It’s been nighttime since lunch. Everyone takes the chance to step out for a “wild pee.” Fine, I’ll squat. And I’m wondering, Is the researcher squatting near me, their round shape semi bare and semi inviting—are they sort of waving their knees, trying to tell me something?

Our pee freezes up in a clump.

“This is an example of the alluvial method not working,” I say.

Back in the saloon I pass around napkins and lead us in a round of NISI-approved nondominant-hand writing. Captain Joachim has an immediate breakthrough, tears scampering down his face.

“Copenhagen,” he says.

I’m hot then I’m cold. I’m near my thermal limit, I must be. The researcher with the beard has one buttcheek on my lap. In Idaho, a talented trainee of mine wrote an invisibility ritual. They wanted to go to McDonald’s in drag as if it was 100 percent No Thing. The ritual went like this: say you’re invisible.

My nondominant side has entirely clammed up.

The sun rises later than ever, well past 10:00 a.m. I stage an uprising on deck. I yell some things. Maybe: “Down with drills!” Maybe: “Touch makes mush!” Maybe: “Ice worms unite!” As they lower the zodiac into the ice floe, the researchers tell me their work is important for climate politics. That glaciers and I aren’t linked, that glaciers don’t have (as I have, on more than one occasion, claimed) an ionic charge. They find the worms, zoop, everybody wins.

“Then what am I feeling?” I say. “About your big hot hands? Does zoop mean melted worm? Doesn’t anybody know?!”

I stay on board in my berth/coffin reading about internal deformation with my headlamp. It mostly goes over my head, except the description “parallel planes of crumpling,” caused when ice crystals under pressure slide over each other. I begin a hasty journal in cramped script, write:

Heathcliff, it’s me, I’m Cathy, I’ve come home
I’m so cold, let me in your window
Heathcliff, it’s me, I’m Cathy, I’ve come home
I’m so cold, let me in your window

Through my porthole, I hear the Chipmunk Drills zuzzzzzing across the fjord. At last night’s end, it wasn’t one but both researchers.

“Knock knock,” they said.

“Not so sure,” I said.

“We’re entering,” they said, and flopped torsos-first onto my minuscule bunk.

I tried to rearrange some things for their comfort, offer a pillow, but there was very little to arrange. Researcher One started: “We think you have some hang-ups,” they said. “In fact, we’ve witnessed quite a few. One, you can’t climb. Two, and this is clear as day, when I was squatting out there, anyone would have known I was wanting you to flirt at least a bit, maybe push open my thighs and look. That’s literally what an-neee-body would do.”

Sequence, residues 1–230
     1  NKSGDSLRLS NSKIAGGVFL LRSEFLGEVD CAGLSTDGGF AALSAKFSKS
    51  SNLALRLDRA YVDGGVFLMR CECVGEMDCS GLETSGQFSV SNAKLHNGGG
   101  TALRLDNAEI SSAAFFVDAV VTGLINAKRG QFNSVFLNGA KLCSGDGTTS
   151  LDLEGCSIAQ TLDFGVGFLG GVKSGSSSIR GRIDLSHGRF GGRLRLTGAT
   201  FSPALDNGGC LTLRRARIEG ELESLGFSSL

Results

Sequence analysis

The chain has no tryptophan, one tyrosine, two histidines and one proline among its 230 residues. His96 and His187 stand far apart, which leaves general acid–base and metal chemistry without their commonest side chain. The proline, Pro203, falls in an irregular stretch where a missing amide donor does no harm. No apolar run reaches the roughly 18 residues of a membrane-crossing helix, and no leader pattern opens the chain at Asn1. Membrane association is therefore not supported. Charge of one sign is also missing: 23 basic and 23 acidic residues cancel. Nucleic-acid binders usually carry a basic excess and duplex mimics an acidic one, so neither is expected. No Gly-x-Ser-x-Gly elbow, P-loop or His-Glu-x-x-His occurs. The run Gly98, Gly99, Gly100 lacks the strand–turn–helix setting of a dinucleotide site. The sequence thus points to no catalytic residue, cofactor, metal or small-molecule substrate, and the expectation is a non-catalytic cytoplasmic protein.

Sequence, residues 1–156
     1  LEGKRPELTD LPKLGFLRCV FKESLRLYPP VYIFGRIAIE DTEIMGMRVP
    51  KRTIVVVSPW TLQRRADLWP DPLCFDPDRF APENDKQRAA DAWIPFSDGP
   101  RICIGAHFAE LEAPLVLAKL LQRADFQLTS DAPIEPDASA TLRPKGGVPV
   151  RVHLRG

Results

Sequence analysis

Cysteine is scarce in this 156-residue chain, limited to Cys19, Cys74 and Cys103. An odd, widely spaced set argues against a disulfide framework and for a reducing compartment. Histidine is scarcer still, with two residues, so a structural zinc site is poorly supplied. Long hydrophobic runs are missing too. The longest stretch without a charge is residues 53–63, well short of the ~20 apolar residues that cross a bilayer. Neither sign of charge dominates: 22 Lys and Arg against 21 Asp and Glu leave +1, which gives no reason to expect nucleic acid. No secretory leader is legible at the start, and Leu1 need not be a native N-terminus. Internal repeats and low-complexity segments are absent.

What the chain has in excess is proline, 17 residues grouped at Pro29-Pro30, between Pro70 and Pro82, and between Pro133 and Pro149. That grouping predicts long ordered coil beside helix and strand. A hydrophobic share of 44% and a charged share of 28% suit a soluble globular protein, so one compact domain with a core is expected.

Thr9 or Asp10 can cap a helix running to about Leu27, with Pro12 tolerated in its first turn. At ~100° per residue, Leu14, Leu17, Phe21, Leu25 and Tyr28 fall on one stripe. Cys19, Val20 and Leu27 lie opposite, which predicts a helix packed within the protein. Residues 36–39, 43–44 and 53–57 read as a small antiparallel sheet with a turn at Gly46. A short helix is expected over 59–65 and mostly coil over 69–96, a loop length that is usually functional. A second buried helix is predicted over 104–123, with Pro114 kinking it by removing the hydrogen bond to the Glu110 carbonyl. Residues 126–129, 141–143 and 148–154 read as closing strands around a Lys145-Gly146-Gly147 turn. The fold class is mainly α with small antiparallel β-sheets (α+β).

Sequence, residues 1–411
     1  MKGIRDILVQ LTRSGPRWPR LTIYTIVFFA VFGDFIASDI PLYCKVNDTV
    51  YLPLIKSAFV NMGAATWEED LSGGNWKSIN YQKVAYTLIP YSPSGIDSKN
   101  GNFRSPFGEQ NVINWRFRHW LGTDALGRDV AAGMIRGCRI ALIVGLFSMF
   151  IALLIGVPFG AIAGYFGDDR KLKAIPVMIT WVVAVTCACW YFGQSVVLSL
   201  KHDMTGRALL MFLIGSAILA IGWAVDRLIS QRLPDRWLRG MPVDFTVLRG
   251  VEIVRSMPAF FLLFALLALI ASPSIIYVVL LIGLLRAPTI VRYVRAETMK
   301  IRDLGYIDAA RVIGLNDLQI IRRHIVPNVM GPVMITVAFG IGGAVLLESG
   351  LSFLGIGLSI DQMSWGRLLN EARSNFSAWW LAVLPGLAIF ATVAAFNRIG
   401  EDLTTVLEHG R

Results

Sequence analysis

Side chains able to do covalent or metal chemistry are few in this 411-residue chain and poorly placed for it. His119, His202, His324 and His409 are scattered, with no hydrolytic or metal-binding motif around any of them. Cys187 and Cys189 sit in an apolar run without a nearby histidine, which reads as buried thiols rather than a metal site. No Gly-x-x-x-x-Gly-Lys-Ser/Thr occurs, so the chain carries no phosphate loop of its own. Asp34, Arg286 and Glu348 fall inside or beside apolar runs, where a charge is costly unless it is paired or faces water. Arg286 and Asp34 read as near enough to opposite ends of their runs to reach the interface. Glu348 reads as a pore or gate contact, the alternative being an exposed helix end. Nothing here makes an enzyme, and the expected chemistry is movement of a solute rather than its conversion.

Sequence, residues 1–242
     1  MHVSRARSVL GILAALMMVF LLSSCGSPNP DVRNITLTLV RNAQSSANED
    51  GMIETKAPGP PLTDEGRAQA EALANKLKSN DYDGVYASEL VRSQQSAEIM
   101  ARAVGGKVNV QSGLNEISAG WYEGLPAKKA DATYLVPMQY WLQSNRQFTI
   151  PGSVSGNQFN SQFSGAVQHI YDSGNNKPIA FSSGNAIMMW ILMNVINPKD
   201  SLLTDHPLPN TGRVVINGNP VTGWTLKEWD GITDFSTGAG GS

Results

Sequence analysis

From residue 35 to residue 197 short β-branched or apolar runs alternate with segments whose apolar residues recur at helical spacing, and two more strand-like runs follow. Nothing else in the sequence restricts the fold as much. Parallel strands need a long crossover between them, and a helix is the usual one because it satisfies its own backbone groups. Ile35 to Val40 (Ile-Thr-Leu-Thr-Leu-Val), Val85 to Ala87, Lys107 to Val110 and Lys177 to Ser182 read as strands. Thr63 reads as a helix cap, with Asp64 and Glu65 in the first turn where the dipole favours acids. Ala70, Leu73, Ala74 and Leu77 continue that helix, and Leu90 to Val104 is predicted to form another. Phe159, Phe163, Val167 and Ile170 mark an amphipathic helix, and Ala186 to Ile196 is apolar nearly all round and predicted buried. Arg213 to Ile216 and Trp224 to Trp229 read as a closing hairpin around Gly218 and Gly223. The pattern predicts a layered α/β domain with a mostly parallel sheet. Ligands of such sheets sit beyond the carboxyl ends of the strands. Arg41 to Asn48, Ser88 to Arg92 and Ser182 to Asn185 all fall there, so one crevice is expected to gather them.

“And how about my buttcheek on your lap!” the other researcher said now from the shower, that’s how small my room is, but he’d stepped out of his midweight wool and was, under the weak stream, sudsing. “I couldn’t believe it!”

“What’s your water content anyway?” the first continued. “Fifty-six, 57 percent? Don’t worry, it’s science. Not 60 percent that’s for sure ...”

“Or maybe you’re just too far outside it to count?”

Me, to my mirror: “I can’t get into A-game genitals right now.”

Me, actually: “I can probably drink more H2O?” But they were comatose, which we all know means back-sleeping, on every inch of my bunk.

It’s 2:00 p.m. and the sun is crashing. I put on my eiderdown parka with the snorkel hood and tighten my borrowed Kamiks. I can’t shake this growing feeling that I am not in but am the landscape. At least the scale of remove. I climb the steel rungs to the bridge. I’m not supposed to touch the radio but there’s a dog musher Olaf? Teju?I met back in Longyearbyen. I need to tell them that I’m moving glacially. Glacially can be fast! There’s a glacier in Greenland that dumps out twelve thousand meters of water a year.

Another thing I would say: Yes, we got slushy on the rug during so-and-so’s post-glogg-shots-at-SvalBar slideshow of “this charismatic megafauna almost ate me, no, this one”—but pedal forward into sexual substantiation, the kind that’s more than just “we’re in our host’s snowmobile closet and I’m for five-seconds-unassailable at this or that body-tripling act,” and soon every detail will begin to corroborate the terrible story I know about myself, the one where I’m here and you reverse back into normal life unscathed.

Here being.

You being you.

The sky ombrés, then darks. It’s 3:00 p.m. The bridge smells like a lot of Captain Joachim. I stab at the buttons and dials randomly, listening for the zodiac’s plunging outboard, you’ve seen the Nat Geo shot.

I find it impossible to take any contours of my life seriously, as if they’re all 2-D, nonevents.

Hey Det,” a muffled woosh goes through the receiver, which is suddenly crackling. Same oblong voice, same conky whistle. “Det.”

“Do you have to call me that?” I say. I’m not usually so sensitive but things are building up.

You get it, Det. With all this drilling, we wanted to tell you. We’re in here, just deep.

“Gosh!” I shout, despite myself. I picture them in the thickest glacial moulins: neon, with giant spermatozoa-y heads. “Can you stick around? The researchers will be so . . .” I can’t quite find the words. “Now that we know you exist, we’ll cap the gases, lower the foot-print. . . . There’s a bunch of you, right? We’re going to need to collect . . .” My fatal flaw: sucking toward team energy indiscriminately. I’ve almost forgotten my earlier platform, “Ice Worms Unite!”

Yeah, Det, we’re good in here.